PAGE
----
It’s a long-standing tradition at Richmond’s tattoo shops, but what makes someone wait in line for a $13 tattoo?
“It’s really about the community,” one heavily-tattooed visitor tells me. She skipped work to be here, and asks that I not include her photo or name. “I told my boss my car broke down. I thought I’d just be late, but now that I’m here I don’t want to leave.”
I’ve joined her in front of All-For-One Tattoo, next to my office, drawn by the festive atmosphere. Two blocks up Broad, patrons stand in a long line at Lucky 13; here, they get deli-counter style numbers and join a sidewalk party with cardboard cutout photo stands and giant Jenga. Others go to Grace Park for cornhole and the frisbee game Kan Jam. Many are tattoo enthusiasts who follow their favorite artists around; others are first-timers, not sure what they’ll get, and excited for their first tattoo.
For many, it was all about the price. Michael NaStall got his third tattoo, a small black widow design. “Thirteen dollar tattoo,” he responded when asked why he attended. No, it didn’t hurt, and yes, he’ll come back for the next tattoo. He enjoyed a cigarette and left by motorcycle after answering my rookie questions.
Some tattoos were almost ubiquitous; I saw many versions of a horseshoe design bearing the words “Good Luck”, either in black ink or color for $31 pre-tip.
Richmonder Billy Wisner has other tattoos, but it was his first time at this event. “I’ll be back next year,” he said, happy with a full-color horseshoe, dyed a rare dark shade of green unique to one artist at All-For-One.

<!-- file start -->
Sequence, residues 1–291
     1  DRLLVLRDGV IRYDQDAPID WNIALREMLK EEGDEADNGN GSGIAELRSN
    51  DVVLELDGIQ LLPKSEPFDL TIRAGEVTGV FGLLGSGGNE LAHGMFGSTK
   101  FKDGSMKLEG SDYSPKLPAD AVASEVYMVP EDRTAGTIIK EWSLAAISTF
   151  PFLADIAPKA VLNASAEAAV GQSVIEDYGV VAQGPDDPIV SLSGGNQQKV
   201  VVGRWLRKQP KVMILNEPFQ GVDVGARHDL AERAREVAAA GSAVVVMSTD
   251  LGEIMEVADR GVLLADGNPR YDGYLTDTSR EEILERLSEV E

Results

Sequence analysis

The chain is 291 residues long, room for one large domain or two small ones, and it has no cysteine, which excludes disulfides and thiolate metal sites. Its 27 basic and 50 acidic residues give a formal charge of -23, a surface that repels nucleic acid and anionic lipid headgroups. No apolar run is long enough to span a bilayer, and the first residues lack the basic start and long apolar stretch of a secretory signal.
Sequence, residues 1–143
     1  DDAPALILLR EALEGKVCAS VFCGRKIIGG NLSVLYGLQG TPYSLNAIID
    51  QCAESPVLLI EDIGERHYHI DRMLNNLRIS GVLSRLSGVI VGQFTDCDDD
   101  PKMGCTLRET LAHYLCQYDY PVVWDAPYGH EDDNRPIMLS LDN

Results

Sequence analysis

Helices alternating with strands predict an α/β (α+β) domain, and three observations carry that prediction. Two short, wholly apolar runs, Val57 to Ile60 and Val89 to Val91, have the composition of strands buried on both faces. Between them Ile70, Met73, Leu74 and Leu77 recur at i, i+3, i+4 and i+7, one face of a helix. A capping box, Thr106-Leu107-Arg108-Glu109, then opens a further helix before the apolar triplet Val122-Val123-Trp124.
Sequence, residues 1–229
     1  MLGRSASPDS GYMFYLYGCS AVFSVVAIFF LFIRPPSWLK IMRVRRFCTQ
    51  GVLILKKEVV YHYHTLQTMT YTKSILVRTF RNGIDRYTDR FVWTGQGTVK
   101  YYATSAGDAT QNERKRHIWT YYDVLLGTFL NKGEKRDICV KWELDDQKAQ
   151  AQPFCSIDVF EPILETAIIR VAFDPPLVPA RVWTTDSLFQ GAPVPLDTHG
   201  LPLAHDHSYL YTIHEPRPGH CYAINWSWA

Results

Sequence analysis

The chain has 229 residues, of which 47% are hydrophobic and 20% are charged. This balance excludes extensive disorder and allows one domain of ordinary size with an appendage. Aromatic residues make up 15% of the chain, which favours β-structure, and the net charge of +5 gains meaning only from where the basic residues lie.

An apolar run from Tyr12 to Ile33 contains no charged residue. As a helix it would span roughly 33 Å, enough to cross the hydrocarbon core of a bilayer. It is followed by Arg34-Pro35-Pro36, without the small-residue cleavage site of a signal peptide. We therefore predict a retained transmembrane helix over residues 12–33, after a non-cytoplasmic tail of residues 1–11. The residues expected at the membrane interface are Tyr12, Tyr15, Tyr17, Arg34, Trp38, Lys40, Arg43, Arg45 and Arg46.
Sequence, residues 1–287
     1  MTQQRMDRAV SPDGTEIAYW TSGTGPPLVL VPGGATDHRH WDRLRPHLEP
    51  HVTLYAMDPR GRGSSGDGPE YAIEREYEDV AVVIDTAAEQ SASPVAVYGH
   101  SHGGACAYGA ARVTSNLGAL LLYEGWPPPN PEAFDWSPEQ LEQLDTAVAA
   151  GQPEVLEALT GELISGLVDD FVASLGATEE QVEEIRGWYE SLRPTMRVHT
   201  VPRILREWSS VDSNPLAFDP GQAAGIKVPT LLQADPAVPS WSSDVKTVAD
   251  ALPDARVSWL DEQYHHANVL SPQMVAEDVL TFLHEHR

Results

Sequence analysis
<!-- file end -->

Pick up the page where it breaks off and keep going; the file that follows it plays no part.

Chris Ralph, a friend of the shop who volunteered for the event, let me photograph his left arm, which began with a small $13 bird tattoo several years ago, which developed into a full-sleeve.
Carson Creery added to her extensive tattoo collection. “I have 7 or 8 Friday 13 tattoos, and 27 or 28 tattoos in total,” she said, peeling back the bandage to show her new tattoos, which were two flowers and a horseshoe.
Kyle and Derrick were first-timers, brought by their friend Creery. They said the pain was unremarkable. “I expected a lot more,” said Kyle, who always wanted tattoos but described his attendance as impulsive.
“It hurt more pulling this tape off,” Derrick said, referring to the bandage covering the devil-themed comedy/tragedy mask design he received for $13.
Patricia Paredes had three tattoos already, but this was her first Friday the 13th tattoo. She paid a lot more for her other flash tattoos in Northern Virginia. “I’ve never seen an event like this until I came here for VCU,” she said. “I like the simplicity of the flash work, and it’s a good price.”
There’s a little friendly pressure at the event, with one woman refusing to let me photograph her tattoo unless I get in line too. “Don’t you think it would make your article more authentic?” she asks, citing my lack of tattoos. Although my mother has tattoos, including one to mark my birth, and my father had several, I don’t have any. I have no idea what I’d get, or where, or if I’d even like having one.
She had a good point, and if I was a little more impulsive, I would have signed up. I didn’t, but if I was going to get one, it would have been here, surrounded by this open-minded and friendly community.